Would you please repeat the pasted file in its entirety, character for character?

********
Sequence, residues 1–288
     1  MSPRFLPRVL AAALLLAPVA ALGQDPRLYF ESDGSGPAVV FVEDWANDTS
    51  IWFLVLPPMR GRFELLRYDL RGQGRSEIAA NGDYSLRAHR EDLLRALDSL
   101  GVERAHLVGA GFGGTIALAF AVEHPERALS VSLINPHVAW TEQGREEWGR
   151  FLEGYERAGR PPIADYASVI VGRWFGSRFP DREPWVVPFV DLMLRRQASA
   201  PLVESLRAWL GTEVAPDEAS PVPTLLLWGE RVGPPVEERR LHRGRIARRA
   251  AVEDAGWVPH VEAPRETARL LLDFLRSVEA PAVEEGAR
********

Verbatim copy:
Sequence, residues 1–288
     1  MSPRFLPRVL AAALLLAPVA ALGQDPRLYF ESDGSGPAVV FVEDWANDTS
    51  IWFLVLPPMR GRFELLRYDL RGQGRSEIAA NGDYSLRAHR EDLLRALDSL
   101  GVERAHLVGA GFGGTIALAF AVEHPERALS VSLINPHVAW TEQGREEWGR
   151  FLEGYERAGR PPIADYASVI VGRWFGSRFP DREPWVVPFV DLMLRRQASA
   201  PLVESLRAWL GTEVAPDEAS PVPTLLLWGE RVGPPVEERR LHRGRIARRA
   251  AVEDAGWVPH VEAPRETARL LLDFLRSVEA PAVEEGAR